Theater Review: Mike Daisey monologue was laugh out loud

Samuel Johnson once said “When a man is tired of London, he is tired of life.” Last winter, during the time he remembers in his monologue “Better Faster Social,” Mike Daisey might have said the same thing about social media, as he reached the point of being completely exhausted by his formerly rich and rewarding online life. In his Jan. 16 one-man performance at Middlebury College’s Wright Theater, Daisey evoked a wretched year in which depression forced him first to withdraw entirely from social life and social media, then slowly find his way back to both.

There is so much public nervousness these days about the impact of social media and smartphones on the human spirit, anyone might be tempted to unplug completely, and even more tempted to unplug one’s children. Even the most progressive parents, not to mention educators, psychologists and philosophers, can turn into loom-smashing Luddites when they worry about the Internet’s grip on their offspring. When they glance down at their phones, will they forget to look up at one another? Aren’t they being sucked irretrievably into their glowing screens, never to emerge? Does having hundreds of Facebook “friends” mean never again having any “real” friends? The predictions are dire.

Mike Daisey’s tale confronts the same fears, but his final answer is different. He is loyally pro-high-tech in nearly every way, not an outside observer of digital phenomena, but a fully immersed denizen of the ’Net since college. His first girlfriend was an elf he met when he played a gnome in a virtual reality game. (It was true love, but they never met in person, and were tragically separated by a hacking attack.) A lifelong Apple fanboy, Daisey has been a chronicler of the Internet age, and his 2010 stage monologue “The Agony of Ecstasy of Steve Jobs” made him famous.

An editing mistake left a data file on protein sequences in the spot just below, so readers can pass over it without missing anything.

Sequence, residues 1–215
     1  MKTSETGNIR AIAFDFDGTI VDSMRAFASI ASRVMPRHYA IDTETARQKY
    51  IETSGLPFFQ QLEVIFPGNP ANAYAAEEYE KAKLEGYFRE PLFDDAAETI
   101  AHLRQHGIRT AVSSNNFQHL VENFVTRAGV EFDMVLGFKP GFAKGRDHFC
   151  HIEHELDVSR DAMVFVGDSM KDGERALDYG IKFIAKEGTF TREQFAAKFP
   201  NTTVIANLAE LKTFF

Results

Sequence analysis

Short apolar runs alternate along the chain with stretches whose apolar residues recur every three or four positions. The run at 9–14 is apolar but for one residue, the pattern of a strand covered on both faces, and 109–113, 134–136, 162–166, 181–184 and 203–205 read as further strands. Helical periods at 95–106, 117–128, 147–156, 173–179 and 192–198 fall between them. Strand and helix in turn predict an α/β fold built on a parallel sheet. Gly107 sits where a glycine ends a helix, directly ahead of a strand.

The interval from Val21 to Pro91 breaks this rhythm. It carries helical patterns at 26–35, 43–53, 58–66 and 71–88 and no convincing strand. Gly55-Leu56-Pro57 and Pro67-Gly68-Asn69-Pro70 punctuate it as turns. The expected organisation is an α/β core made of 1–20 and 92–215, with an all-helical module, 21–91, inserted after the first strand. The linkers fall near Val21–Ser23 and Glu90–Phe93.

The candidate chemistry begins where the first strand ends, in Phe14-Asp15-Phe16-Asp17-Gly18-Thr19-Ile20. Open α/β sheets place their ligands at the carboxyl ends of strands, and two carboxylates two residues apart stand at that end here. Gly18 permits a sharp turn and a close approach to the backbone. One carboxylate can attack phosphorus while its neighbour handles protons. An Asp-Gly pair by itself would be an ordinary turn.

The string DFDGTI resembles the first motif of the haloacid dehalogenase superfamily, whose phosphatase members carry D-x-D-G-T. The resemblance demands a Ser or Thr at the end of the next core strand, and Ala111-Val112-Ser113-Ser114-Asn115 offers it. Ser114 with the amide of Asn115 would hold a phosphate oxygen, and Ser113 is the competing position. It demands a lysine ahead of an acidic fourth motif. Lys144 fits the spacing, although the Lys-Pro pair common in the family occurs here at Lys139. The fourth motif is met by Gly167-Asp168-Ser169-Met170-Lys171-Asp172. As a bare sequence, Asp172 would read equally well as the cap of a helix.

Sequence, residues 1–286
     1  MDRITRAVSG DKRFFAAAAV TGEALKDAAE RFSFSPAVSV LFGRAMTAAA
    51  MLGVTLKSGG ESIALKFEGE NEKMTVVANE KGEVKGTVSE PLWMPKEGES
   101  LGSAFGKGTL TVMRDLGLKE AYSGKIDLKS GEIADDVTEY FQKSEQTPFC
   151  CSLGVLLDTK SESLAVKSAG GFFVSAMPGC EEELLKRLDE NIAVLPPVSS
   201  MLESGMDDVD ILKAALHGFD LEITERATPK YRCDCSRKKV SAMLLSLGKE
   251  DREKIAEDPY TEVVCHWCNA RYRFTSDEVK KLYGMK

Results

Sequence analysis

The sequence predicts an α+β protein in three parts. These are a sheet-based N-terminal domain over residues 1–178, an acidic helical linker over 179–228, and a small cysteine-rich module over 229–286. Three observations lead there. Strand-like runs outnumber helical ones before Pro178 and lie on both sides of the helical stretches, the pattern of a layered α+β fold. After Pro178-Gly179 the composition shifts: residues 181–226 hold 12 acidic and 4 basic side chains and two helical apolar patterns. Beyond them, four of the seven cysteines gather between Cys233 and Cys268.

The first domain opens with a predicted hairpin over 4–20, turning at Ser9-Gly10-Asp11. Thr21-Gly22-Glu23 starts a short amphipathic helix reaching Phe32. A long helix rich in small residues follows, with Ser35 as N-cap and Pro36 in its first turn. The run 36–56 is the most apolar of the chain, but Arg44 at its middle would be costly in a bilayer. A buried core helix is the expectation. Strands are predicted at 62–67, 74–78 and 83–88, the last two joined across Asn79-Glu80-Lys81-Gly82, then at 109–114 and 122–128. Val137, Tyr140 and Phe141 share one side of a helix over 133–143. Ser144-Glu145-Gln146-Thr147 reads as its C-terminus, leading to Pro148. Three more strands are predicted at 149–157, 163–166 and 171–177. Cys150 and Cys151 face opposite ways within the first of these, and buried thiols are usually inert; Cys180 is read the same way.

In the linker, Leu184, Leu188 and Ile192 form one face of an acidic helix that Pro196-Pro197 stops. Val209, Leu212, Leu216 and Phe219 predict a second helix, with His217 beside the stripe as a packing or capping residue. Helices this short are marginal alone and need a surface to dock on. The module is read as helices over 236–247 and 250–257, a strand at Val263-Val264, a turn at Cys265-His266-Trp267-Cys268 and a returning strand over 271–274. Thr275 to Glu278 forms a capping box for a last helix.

But last year, as his personal life fell apart in several ways, he found himself deeply isolated and depressed. The solution that occurred to him was his own death. Not actual suicide but virtual disappearance, complete and sudden abstention from Facebook, Twitter, Instagram and all the rest. It was a wrenching change, followed by weeks of paralysis and emptiness. Nor did so-called “real life” instantly rush in to fill the void. Daisey described a long and lonely progression back to health, and his eventual return to Facebook, where, it turns out, he had real friends who missed him badly.

While all of this might have been a sad tale, Daisey managed to keep it funny. As a creative artist and performer, he is hard to categorize. He’s been called a monologist, a playwright, a social critic and a muckraking journalist. Watching him on a bare stage seated behind a plain wooden table, speaking for 75 minutes without interruption or pause, I’d have to call him a sit-down comedian, a keen observer of the difficulties of being human in the modern world, and never forgetting the human need for laughter, online or off. I say, LOL.


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